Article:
You say: “I don’t think it’s right to say that b/c ‘constrained court’ view got 1 prediction right and ‘attitudinal’ view got one prediction that the two approach do equally well in explaining the case.” I actually don’t claim that they do “equally well” in my post, though perhaps you’re just raising this as an issue of interest, which I think makes this such an extremely interesting exercise. Some got the case outcome correct while the reasoning wasn’t borne out completely by the actual outcome, while others got the outcome incorrect but there was a great deal of accuracy underlying their rationale. What makes Jeff Segal’s prediction so valuable (despite being incorrect on the case disposition) is how he correctly anticipated that the conservative justices would NOT be constrained by commerce clause precedent (which he was correct on) or concerns over judicial restraint and the “risk” involved with striking down the president’s signature domestic achievement (which he was ultimately wrong on with respect to Roberts, if you believe that Roberts voted to uphold due largely to judicial restraint, but right on for the other four conservatives). As I talk about, so many of the journalists and legal scholars really believed that there was just no way the Court would ever strike down the ACA, and that this seemed like such an open-and-shut case on commerce clause grounds alone, but if that didn’t hold sway, judicial restraint would save the day. So Jeff comes out looking good on the aspect that the no, the conservatives would not defer to those commerce clause precedents and four out of the five appear not to be constrained by judicial restraint. But there was some constraint here, no doubt, particularly on the part of Roberts, just not apparently on the grounds of commerce clause precedents (though one could perhaps see a case for that if take the Teles argument a few steps further, as I speculate on toward the end).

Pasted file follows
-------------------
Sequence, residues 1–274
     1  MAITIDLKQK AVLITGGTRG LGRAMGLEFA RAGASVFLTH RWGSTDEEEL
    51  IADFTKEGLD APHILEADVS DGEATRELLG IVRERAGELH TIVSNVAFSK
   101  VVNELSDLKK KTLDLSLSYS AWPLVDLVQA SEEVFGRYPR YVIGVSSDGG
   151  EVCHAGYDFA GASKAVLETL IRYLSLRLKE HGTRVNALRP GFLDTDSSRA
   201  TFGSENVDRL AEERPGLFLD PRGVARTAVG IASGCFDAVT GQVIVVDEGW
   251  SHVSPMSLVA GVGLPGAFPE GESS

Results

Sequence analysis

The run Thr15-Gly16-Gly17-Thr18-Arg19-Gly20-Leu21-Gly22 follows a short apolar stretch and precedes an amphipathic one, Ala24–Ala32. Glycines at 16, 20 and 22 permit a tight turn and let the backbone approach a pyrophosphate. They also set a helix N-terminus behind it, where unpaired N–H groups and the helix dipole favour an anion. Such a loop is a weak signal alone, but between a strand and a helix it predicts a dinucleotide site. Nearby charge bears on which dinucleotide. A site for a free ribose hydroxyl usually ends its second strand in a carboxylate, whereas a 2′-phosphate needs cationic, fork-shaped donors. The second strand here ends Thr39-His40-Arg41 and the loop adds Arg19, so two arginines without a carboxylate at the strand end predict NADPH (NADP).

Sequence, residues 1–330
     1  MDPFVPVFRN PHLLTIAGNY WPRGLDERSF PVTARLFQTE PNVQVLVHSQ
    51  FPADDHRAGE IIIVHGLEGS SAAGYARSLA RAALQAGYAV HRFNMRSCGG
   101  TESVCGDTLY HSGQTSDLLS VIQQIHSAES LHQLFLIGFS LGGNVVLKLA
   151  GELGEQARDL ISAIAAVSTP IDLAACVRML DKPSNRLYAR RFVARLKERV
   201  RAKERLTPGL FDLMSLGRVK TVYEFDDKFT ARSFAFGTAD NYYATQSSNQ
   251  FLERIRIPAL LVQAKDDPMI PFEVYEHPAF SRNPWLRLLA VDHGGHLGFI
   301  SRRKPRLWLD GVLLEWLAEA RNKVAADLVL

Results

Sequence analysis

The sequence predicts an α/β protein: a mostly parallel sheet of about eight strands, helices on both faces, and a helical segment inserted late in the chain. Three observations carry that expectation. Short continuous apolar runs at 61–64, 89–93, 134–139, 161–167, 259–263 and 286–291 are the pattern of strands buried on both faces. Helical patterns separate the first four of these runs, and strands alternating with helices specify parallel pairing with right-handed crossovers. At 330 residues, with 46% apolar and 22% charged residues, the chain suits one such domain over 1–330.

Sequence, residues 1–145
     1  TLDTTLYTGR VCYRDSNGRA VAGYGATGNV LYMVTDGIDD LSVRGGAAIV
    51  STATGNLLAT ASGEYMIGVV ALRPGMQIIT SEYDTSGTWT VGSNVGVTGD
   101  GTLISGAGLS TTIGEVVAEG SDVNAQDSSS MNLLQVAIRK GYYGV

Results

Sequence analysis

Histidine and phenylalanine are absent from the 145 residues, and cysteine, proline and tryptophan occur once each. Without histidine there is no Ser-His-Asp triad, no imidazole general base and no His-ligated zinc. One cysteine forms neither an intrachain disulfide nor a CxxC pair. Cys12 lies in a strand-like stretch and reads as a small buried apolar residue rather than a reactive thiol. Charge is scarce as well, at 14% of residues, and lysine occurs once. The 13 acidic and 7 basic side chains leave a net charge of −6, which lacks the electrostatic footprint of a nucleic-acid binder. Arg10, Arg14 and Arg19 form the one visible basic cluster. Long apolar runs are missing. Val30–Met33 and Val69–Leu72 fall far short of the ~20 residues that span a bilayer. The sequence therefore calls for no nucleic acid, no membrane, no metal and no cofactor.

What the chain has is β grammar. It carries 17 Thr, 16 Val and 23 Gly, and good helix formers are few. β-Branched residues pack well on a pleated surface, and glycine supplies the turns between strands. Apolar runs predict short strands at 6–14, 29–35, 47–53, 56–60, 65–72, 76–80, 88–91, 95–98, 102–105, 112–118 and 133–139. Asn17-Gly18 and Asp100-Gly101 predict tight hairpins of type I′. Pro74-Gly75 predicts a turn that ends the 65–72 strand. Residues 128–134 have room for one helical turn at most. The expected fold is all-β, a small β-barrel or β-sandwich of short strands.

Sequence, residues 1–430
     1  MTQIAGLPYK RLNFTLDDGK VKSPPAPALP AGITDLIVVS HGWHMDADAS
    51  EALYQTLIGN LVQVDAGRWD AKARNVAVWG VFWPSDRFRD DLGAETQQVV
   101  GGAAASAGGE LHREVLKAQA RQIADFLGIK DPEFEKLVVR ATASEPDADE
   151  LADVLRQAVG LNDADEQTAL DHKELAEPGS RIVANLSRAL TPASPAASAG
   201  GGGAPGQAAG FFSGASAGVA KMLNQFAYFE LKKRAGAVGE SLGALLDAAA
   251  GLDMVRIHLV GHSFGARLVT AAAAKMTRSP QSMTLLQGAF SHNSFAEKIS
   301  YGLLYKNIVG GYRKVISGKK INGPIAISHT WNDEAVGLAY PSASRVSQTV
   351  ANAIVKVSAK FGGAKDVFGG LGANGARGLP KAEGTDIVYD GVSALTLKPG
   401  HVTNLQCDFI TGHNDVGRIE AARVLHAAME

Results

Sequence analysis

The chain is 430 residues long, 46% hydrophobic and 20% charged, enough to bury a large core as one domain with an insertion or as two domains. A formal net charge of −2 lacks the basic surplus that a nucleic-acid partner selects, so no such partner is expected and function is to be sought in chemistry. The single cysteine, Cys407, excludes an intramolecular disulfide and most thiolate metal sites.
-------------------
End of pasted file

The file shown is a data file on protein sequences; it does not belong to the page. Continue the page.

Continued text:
Finally, you say: “even though we did predict Roberts would write and limit Commerce Clause doctrine – something Brandon ignored!! Where’s the love?!” Just to quote from your original prediction: “Respect for precedent pushes Kennedy to support the law and Roberts comes along for the ride in order to keep the opinion out of Kennedy’s hands (and possibly writing an opinion that cabins the Commerce Clause more than it is now). ” Even though it’s not explicit there that you predict Roberts will be majority opinion author, I do think it is implicit. (Though in the Comstock decision, which was an N&P clause case that recognized broad congressional power, Roberts assigned the majority opinion to Breyer — see Kerr’s post on this that I refer to). I didn’t address that specific passage from your prediction because you didn’t really elaborate on what you meant by “cabins the commerce clause.” Ultimately, you were predicting that Roberts would vote that the mandate was constitutional under the commerce clause. I guess there would have been a way to limit the commerce clause interpretation somehow while still ruling that the mandate was permissible under it, but of course, Roberts ultimately voted that the mandate was unconstitutional under the commerce clause. Of course, it’s always possible I did not interpret that passage in your prediction in the way that you intended.